Community Resilience Toolkit 2.0
The Community Resilience Toolkit 2.0 is a collection of online tools to help users understand local impacts of the climate and energy crisis in their region and what they can do about them. Created by Rooted in Resilience, the tools are designed for individuals, community and nonprofit groups, classrooms, businesses, and municipal planners. The toolkit is comprised of four different documents. Each of these outline activities, and step-by-step instructions.
The four documents are:
- Climate Risk and Job Opportunity Assessment: Assess local impacts of climate change, plan for preparedness, and identify jobs and business opportunities climate resilience can create
- Local Resilience Assessment: Assess the resilience of local systems and identify priority areas for improvement. This tool offers a worksheet for people to assess their community’s resilience related to food, water, jobs and the economy, energy, transportation and housing, and governance.
- Roots of Equity and Resilience: Identify examples of resilience from the community's past, the roots of local inequities, and how to address them.
- Creating Your Plan for Change: Agree on your group's most strategic goals and strategies and build community support to make them happen. This guide walks users through deciding on the scope of the plan, setting a vision, analyzing the community, setting goals, assessing how to achieve these goals, setting objectives, identifying assets, developing strategies, building metrics into plans, and securing commitments.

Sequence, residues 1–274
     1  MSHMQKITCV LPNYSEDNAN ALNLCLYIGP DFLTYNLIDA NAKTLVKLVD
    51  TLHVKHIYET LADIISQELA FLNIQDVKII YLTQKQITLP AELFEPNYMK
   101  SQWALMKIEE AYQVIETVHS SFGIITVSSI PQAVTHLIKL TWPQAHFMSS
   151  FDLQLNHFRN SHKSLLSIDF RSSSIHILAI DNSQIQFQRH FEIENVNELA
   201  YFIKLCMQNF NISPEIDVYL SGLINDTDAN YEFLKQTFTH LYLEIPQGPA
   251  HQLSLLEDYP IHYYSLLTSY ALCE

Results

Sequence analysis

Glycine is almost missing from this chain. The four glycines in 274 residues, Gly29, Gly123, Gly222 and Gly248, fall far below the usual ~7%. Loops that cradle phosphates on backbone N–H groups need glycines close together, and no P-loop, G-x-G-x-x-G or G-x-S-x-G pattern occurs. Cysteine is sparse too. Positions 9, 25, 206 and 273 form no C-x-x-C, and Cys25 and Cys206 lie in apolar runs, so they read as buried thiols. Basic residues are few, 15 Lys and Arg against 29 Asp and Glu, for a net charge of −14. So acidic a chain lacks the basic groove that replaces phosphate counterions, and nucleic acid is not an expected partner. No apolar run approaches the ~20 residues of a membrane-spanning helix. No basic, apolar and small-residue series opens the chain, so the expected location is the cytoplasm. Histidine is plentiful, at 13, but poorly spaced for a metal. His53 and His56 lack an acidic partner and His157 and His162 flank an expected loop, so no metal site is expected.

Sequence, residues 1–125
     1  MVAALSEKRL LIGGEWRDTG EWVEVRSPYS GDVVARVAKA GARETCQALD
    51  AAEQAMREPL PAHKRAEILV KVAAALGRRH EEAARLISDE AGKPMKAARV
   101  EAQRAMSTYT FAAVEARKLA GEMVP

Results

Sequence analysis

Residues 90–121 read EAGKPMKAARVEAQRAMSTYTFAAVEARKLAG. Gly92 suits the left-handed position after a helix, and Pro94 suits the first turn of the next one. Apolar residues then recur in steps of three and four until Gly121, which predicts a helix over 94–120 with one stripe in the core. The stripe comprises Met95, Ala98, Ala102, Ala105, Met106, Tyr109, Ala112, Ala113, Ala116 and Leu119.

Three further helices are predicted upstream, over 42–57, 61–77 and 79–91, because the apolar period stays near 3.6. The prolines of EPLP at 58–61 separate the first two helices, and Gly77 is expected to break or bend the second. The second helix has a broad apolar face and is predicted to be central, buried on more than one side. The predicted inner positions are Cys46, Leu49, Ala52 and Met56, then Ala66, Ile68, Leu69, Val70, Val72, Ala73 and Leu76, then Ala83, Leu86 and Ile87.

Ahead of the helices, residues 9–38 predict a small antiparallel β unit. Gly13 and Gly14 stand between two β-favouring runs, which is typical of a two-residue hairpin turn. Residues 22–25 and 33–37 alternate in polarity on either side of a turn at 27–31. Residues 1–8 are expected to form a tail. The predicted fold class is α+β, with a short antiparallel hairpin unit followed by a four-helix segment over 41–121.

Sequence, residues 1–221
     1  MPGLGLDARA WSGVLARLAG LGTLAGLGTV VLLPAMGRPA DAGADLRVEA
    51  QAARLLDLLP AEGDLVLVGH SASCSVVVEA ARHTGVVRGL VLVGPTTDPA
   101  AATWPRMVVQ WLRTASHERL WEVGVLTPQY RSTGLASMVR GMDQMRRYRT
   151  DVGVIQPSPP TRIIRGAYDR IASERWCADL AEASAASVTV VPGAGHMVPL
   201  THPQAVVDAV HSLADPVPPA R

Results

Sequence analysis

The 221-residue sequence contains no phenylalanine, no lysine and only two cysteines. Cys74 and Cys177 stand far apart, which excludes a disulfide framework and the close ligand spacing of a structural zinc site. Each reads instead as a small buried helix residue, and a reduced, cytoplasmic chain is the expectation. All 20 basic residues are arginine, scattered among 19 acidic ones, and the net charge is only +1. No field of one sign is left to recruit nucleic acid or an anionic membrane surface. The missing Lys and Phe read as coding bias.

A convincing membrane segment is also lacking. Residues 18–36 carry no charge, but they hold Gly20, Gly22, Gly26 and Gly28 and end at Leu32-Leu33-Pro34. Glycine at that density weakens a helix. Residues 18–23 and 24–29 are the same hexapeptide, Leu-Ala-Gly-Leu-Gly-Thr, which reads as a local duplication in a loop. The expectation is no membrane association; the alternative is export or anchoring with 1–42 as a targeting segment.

In the Roots of Equity and Resilience Assessment, the author notes that “social equity is a key component of a resilient community....(c)ommunities that organize to address discrimination and inequities often have to develop a tenacious resilience” (p. 3). Focusing on race and class, the Assessment walks users through the demographics, historical shifts, past movements for social change, and actions to address current inequities in one’s city or town.
Equity, defined as guaranteed basic human rights for all regardless of race, gender, income, ability, and other factors, also features strongly in the Local Resilience Assessment. For each component of resilience, users rate their community’s level of equity.
Examples of activities include a resilience business concept competition and creating a “force field” diagram analyzing the forces working for and against a proposed change.
Publication Date: October 2012
Author or Affiliated User:
- Kirsten Schwind
- Planning guides